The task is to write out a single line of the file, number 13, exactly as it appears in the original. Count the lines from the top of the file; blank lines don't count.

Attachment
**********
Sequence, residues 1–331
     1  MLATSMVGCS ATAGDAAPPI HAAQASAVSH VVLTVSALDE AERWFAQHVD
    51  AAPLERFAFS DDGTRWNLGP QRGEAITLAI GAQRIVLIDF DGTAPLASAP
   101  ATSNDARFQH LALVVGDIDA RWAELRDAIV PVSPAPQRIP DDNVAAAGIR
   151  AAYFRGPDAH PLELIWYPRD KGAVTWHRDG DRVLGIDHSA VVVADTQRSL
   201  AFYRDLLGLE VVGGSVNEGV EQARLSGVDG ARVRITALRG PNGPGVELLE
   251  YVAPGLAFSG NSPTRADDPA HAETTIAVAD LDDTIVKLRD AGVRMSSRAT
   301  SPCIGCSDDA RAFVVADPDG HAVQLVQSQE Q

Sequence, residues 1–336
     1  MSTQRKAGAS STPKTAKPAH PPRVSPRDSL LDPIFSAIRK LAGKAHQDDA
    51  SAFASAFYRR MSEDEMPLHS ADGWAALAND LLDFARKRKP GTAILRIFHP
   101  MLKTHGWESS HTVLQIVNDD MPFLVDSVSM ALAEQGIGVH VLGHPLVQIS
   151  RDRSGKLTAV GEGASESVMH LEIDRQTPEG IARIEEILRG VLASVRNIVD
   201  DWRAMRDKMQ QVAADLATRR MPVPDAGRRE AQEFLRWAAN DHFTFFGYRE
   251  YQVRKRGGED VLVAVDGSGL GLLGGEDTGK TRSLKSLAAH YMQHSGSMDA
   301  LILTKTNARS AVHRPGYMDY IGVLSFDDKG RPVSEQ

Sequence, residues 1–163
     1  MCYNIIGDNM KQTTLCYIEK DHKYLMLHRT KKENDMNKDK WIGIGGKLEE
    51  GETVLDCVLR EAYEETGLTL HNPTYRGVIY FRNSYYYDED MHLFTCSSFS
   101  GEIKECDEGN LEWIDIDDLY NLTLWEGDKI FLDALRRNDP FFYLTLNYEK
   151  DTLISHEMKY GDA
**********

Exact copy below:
   151  RDRSGKLTAV GEGASESVMH LEIDRQTPEG IARIEEILRG VLASVRNIVD